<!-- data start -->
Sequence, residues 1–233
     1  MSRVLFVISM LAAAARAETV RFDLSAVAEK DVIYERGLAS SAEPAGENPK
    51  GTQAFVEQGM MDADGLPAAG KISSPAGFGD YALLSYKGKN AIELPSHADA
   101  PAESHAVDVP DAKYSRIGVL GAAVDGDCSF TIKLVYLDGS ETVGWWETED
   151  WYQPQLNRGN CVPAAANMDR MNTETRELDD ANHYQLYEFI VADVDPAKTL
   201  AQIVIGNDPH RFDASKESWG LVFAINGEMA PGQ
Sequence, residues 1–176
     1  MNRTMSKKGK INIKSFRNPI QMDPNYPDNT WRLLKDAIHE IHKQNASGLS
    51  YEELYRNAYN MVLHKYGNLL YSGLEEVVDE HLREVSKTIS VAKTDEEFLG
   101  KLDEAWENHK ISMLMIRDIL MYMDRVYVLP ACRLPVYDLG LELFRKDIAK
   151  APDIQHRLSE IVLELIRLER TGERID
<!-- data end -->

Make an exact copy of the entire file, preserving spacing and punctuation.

Sequence, residues 1–233
     1  MSRVLFVISM LAAAARAETV RFDLSAVAEK DVIYERGLAS SAEPAGENPK
    51  GTQAFVEQGM MDADGLPAAG KISSPAGFGD YALLSYKGKN AIELPSHADA
   101  PAESHAVDVP DAKYSRIGVL GAAVDGDCSF TIKLVYLDGS ETVGWWETED
   151  WYQPQLNRGN CVPAAANMDR MNTETRELDD ANHYQLYEFI VADVDPAKTL
   201  AQIVIGNDPH RFDASKESWG LVFAINGEMA PGQ
Sequence, residues 1–176
     1  MNRTMSKKGK INIKSFRNPI QMDPNYPDNT WRLLKDAIHE IHKQNASGLS
    51  YEELYRNAYN MVLHKYGNLL YSGLEEVVDE HLREVSKTIS VAKTDEEFLG
   101  KLDEAWENHK ISMLMIRDIL MYMDRVYVLP ACRLPVYDLG LELFRKDIAK
   151  APDIQHRLSE IVLELIRLER TGERID